|Photo: Jennifer McCready|
Tell us a bit about the song. What prompted you to write it?
I liked the idea of the song "Two of Us" by The Beatles. "Two of us sending postcards, writing letters, on my wall, you and me burning matches, lifting latches..." etc. I liked the childlike concept of two people walking through life on this adventure. I thought though, what if one of the duo was rigid, and afraid, and the other was the one to convince them of the possibilities life had to offer. I had recently gone on a trip to Bathe, Maine, where I got to spend the day on this wonderful vintage sailboat. I started thinking of all the little tasks you have to work together on to get the boat "sea worthy"... all the little chores. So I started writing fun couplets of ideas, like "you stitch the sail, I'll take the helm," or more surreal ones, "you steal the carousel, and I'll beat the drum." It all started to stitch together as an adventure, with the chorus urging them to open up and discover their potential. The video follows the duo on this adventure.
The video is really cool and quirky, which fits the vibe of the song perfectly. How did you come to want to do a stop-motion animated video?
Honestly, making music videos is hard for me, in the sense that I don't really want to be in them. I know it's important for new fans to see who you are, and how you perform, but I didn't want each video to just feature me singing. I have always loved animation; as a teen, I studied Flash animation at my high school, and would make short videos. The concept of layering with time was a lot of fun. I think it gave me an appreciation for the skill involved.
How did you find the person who did the animation for you? How was it working with someone on a video of this sort? How much input did you have on the content?
I used to be on Tumblr a lot, usually to check out other people's art projects, and just reblog things I found interesting. I came across the artist Betul Adalier (https://www.instagram.com/betthinks/), and instantly fell for her stop-motion animations. They were so quirky and fun, and I found myself going back to her blog again and again. I took a shot in the dark and emailed her, asking if she ever wanted to collaborate on a video. I sent her a private link to the record, and to my surprise she was curious and open to a collaboration. From there, Bet and I exchanged email ideas, and she really took the concept and ran with it. I think it's remarkable how two people who have never met can collaborate online, and make a connection when there previously was none. I still follow her artwork, and I am a huge fan of hers.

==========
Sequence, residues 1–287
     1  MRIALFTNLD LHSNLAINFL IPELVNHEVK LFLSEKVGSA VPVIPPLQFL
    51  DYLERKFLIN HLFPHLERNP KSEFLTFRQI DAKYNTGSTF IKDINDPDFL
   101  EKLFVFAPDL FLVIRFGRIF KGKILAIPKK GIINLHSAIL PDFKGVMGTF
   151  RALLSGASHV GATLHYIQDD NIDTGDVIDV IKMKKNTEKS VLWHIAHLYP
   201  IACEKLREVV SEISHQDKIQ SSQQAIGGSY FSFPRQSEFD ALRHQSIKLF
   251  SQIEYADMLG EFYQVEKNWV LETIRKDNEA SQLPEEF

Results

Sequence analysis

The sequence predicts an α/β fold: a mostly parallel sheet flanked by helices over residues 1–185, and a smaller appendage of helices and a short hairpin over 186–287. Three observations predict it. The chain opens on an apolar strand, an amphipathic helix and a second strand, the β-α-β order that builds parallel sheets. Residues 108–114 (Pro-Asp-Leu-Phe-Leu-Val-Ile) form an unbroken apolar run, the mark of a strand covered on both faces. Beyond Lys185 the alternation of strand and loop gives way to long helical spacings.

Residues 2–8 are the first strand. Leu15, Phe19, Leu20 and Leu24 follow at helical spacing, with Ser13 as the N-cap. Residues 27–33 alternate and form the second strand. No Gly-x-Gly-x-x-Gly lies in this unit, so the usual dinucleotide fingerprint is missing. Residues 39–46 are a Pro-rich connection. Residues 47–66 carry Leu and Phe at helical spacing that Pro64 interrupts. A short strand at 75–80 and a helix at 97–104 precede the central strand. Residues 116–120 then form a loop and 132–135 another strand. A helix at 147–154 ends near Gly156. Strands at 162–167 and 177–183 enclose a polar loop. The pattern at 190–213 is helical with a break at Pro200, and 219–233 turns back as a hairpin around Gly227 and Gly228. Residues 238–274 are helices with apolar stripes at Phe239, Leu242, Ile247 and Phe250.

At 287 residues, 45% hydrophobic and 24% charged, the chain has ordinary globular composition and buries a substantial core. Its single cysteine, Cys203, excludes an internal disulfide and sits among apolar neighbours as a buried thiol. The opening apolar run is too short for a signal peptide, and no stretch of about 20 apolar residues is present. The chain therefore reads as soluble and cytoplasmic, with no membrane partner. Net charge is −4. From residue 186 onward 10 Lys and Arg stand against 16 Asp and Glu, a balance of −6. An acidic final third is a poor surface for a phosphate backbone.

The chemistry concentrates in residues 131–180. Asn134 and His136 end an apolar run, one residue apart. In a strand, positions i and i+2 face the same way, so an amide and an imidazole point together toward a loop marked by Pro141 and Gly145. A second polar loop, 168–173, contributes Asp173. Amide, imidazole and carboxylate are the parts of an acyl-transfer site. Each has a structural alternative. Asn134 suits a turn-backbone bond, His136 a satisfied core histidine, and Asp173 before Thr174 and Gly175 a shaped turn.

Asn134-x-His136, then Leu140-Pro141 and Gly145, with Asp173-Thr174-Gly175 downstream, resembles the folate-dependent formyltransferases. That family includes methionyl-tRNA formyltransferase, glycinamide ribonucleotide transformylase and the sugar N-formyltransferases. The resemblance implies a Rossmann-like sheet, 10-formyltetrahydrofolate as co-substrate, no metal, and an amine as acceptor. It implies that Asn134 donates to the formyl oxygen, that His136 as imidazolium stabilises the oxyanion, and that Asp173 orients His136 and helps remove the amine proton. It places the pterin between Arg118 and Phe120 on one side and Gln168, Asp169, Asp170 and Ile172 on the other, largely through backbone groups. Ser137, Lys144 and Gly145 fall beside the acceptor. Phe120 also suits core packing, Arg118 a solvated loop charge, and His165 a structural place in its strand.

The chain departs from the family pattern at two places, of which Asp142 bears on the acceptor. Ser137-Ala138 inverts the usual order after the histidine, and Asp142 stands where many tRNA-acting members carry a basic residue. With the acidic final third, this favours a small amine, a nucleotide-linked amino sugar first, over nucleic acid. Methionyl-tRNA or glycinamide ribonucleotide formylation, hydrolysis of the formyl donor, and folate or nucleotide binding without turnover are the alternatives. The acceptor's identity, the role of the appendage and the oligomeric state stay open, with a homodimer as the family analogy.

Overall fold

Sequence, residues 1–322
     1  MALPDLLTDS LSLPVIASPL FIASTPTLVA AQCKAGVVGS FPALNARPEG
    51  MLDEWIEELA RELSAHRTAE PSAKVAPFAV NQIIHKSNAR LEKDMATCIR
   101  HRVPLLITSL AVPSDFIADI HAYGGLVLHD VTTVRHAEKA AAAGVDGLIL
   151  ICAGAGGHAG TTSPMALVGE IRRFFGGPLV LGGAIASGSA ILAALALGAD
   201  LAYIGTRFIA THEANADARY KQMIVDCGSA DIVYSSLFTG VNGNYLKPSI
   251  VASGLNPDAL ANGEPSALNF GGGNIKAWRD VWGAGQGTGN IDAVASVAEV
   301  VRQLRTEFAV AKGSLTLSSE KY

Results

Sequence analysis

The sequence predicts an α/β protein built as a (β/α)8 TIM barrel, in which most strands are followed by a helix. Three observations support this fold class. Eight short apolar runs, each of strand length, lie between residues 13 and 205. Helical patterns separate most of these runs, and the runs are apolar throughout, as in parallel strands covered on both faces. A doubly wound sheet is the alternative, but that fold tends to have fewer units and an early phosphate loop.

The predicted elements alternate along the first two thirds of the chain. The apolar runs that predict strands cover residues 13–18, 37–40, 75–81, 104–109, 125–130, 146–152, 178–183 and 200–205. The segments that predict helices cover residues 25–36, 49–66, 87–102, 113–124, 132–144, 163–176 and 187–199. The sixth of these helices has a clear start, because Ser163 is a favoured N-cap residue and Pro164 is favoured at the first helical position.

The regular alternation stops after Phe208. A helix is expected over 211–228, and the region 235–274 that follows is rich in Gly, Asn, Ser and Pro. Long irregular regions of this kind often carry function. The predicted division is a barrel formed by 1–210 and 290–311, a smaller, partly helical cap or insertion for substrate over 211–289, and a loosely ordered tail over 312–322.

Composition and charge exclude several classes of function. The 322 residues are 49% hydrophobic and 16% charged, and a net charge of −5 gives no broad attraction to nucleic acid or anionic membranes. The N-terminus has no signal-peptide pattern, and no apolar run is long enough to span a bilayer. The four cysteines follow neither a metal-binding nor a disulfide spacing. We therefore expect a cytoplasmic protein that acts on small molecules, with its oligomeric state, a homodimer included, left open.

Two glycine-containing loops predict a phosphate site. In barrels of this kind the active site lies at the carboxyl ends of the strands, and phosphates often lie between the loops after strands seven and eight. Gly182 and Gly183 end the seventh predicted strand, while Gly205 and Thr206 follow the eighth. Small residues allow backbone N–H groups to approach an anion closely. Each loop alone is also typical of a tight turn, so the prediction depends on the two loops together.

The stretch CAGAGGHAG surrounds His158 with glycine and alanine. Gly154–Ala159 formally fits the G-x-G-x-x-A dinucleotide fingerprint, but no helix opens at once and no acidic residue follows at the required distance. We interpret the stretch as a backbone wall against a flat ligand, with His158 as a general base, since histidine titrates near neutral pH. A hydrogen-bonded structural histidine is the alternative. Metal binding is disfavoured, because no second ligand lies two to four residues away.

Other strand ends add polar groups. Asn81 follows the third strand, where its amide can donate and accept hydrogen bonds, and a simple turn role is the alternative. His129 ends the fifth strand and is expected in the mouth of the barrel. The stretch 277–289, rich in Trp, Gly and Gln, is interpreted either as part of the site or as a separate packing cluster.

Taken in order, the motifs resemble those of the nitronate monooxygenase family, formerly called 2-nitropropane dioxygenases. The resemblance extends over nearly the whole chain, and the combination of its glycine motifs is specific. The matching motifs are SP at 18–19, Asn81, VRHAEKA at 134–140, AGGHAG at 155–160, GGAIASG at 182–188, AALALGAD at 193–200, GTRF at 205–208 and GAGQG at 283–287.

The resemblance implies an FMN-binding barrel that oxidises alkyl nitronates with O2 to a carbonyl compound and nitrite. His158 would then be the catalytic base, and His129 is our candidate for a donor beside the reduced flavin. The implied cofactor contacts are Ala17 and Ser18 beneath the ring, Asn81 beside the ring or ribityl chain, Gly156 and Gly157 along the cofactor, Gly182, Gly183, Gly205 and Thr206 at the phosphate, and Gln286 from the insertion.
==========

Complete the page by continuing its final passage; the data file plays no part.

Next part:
Whose idea was the general storyline of the video?
I think Bet took the story line and ran with it. However, our initial conversation was inspired very closely by the song's lyrics. It follows the adventure of a duo pushing themselves to explore and leave behind their worries and fears. We spoke of "Alice in Wonderland," "The Goonies," and that childlike feeling of true freedom. From there, I took photos for Bet to use as extra backdrops of locations, and she illustrated over top of them, adding her own found clip art, layering them in fantastically creative ways. She took cues from some of the lyrics, and created this world that these two go on an adventure in. She then illustrated a "child" version of me, based on my look and outfit from my "Facing the Grass" video, tweed blazer and all... ha ha. I love the crosshatch drawing style she used, which reminded me of one of my favourite illustrators, Edward Gorey.
What is your favorite part or moment in the video?
My favourite moment of the video is the train. There are different images in each window of the train as it goes by, with floating hands waving goodbye. In one of the windows, Bet took images I sent her of my cats, and put them on the bodies of aerobic dancers! It makes me smile every time I see it, it's so surreal and personal at the same time.
What is coming up next for Paige Cora?
I am beginning to write for the next album. It's amazing how putting out a record and music videos gives you a lot of momentum to do it all again. I'm very curious about the direction it will take this time, since I've learned so much as a producer and songwriter. I'm also scoring a short film called "Outside My Window," about agoraphobia and social anxiety, told through the narrative of dance.
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